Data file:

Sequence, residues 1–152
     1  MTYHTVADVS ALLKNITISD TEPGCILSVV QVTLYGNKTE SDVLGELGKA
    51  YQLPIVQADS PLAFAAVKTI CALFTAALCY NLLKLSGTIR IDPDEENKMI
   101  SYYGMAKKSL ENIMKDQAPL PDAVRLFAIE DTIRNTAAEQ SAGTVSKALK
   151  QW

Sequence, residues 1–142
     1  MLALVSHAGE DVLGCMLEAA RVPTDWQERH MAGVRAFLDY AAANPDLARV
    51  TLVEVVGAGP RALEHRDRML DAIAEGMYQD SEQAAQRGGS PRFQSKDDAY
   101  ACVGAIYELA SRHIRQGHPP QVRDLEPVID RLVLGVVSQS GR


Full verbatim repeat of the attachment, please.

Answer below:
Sequence, residues 1–152
     1  MTYHTVADVS ALLKNITISD TEPGCILSVV QVTLYGNKTE SDVLGELGKA
    51  YQLPIVQADS PLAFAAVKTI CALFTAALCY NLLKLSGTIR IDPDEENKMI
   101  SYYGMAKKSL ENIMKDQAPL PDAVRLFAIE DTIRNTAAEQ SAGTVSKALK
   151  QW

Sequence, residues 1–142
     1  MLALVSHAGE DVLGCMLEAA RVPTDWQERH MAGVRAFLDY AAANPDLARV
    51  TLVEVVGAGP RALEHRDRML DAIAEGMYQD SEQAAQRGGS PRFQSKDDAY
   101  ACVGAIYELA SRHIRQGHPP QVRDLEPVID RLVLGVVSQS GR